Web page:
We hope you enjoy the Maui Humane Society production of “Leave the Kitten Where It’s sittin!” Starring The Kitten Fairy God Mother! See video below too for an even more in depth account of what to do if YOU find kittens outside, and when it’s appropriate to bring them in!
It is not uncommon for mamma cats to roam away from their babies for short periods of time to hunt. Most cats are single moms, so if the kittens look healthy, are not injured or in danger – leave the kitten where it’s sittin! Mom will most likely come back! We know it can be hard to leave a bunch of cute kittens alone, but believe us, Mamma cats are WAY better at taking care of kittens than humans are!
We receive HUNDREDS of kittens every year that could have stayed with their mamma. Watch this video for more helpful information on when it’s appropriate to take an outside kitten to the vet or shelter VS when it’s best to leave the kitten where it’s sittin!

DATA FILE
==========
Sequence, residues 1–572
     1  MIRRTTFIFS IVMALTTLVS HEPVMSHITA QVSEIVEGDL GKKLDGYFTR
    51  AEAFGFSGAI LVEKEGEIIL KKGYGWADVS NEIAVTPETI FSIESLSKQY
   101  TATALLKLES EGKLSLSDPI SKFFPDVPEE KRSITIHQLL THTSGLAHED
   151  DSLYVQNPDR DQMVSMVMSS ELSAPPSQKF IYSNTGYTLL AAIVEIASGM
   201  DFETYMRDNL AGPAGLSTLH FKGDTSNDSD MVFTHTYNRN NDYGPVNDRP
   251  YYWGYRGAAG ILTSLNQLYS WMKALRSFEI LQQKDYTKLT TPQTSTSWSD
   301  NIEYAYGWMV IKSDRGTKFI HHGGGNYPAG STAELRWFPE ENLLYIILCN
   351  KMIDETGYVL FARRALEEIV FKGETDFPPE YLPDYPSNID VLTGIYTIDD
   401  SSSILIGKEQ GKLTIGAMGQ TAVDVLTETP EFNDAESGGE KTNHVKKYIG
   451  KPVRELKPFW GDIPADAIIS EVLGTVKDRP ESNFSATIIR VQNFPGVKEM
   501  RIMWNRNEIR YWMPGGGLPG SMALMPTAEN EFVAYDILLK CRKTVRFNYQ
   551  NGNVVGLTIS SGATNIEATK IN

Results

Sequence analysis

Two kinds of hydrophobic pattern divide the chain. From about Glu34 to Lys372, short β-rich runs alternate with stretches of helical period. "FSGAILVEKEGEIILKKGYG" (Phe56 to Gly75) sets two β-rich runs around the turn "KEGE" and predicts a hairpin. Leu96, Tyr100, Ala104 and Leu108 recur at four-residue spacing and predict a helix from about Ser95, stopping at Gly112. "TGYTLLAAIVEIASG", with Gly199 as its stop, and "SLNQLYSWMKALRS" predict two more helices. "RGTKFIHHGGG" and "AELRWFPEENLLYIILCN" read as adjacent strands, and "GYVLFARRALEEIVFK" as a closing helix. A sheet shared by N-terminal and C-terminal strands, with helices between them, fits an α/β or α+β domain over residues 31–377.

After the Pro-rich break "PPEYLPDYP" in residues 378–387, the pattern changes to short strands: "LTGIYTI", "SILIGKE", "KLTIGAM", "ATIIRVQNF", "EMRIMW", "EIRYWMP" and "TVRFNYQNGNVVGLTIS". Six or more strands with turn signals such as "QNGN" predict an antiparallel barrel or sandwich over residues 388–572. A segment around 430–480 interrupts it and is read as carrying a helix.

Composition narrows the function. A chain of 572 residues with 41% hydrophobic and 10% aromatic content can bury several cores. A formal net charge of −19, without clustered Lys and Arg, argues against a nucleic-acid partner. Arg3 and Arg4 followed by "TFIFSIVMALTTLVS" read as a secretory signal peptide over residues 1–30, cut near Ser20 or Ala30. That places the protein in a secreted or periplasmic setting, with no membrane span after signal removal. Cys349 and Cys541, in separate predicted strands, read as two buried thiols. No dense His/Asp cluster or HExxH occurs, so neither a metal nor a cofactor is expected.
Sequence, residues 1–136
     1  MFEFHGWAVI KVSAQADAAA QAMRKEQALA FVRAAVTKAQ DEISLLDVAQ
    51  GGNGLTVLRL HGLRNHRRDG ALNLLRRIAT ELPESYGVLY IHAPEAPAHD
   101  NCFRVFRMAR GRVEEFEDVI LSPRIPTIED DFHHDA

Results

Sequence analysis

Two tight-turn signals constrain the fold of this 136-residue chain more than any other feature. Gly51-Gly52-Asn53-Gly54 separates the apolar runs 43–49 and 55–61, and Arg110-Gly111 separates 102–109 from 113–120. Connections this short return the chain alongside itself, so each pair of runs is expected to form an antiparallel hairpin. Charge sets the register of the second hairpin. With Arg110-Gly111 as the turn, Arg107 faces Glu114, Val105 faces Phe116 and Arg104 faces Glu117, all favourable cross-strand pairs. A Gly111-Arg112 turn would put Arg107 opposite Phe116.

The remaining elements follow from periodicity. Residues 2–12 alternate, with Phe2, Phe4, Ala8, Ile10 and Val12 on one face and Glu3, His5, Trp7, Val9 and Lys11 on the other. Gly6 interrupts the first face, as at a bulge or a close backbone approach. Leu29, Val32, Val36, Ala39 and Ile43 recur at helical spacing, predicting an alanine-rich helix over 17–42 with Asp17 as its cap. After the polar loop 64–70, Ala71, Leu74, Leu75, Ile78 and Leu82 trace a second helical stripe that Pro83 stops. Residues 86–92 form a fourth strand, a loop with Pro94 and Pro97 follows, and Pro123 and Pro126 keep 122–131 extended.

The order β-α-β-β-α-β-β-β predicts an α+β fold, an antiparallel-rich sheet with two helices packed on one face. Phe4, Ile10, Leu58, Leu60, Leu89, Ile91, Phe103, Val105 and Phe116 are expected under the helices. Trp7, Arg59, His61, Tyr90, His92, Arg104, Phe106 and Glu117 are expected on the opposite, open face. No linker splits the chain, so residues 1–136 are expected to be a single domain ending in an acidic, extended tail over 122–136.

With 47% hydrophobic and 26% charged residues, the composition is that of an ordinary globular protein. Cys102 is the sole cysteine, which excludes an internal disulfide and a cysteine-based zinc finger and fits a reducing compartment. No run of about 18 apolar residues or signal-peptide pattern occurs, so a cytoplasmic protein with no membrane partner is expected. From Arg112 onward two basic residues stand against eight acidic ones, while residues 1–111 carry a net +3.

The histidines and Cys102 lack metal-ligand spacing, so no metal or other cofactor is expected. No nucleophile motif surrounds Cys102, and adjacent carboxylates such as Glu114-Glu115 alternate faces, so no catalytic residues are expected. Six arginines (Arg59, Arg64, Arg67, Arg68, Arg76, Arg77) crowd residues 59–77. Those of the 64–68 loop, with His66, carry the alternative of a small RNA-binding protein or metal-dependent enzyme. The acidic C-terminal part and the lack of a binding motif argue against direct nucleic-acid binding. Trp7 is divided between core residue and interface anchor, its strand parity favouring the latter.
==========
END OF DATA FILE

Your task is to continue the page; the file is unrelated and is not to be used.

Remember: When the kittens are old enough, it’s important to have the whole family spayed/neutered to prevent overpopulation. That’s when we need YOUR help! Review TNR above for more information!
What happens when kittens are brought into us? We get them the care they need and find them kitten fosters until they are ready to be adopted! Click the button below to learn all things Kitten! Learn more about our annual kitten shower and how YOU can foster young kittens during our Kitten Season!
Want to take helping community cats further?
- SPOT a wandering cat
- Look for kittens and/or neighboring wandering cats around
- Are they meowing for attention? It may be a friendly cat who has lost its way. Consider asking your neighbors if they know who the cat belongs to.
- Do any of them have tips or notches on their ears? If so, they have already been sterilized and may have a caretaker.
- Find out where they eat, and what time of day—this is where you’ll want to trap.
- Approach the feeder and inquire about which cats have already been sterilized or if you can help.
- If no one feeder is observed, consider how many untipped (unsterilized) cats are present and whether you can work TNR into your schedule.
Once you’ve made the decision to participate in the management of the community cat population in your area, visit www.neighborhoodcats.org for some helpful trapping tips and tricks and call (808) 877-3680 ext. 230 for guidance and support from our Community Cat Coordinator!
With your help, we can ensure that ALL of Maui’s cats are humanely treated.
Here’s how we can help:
Trap Loan Program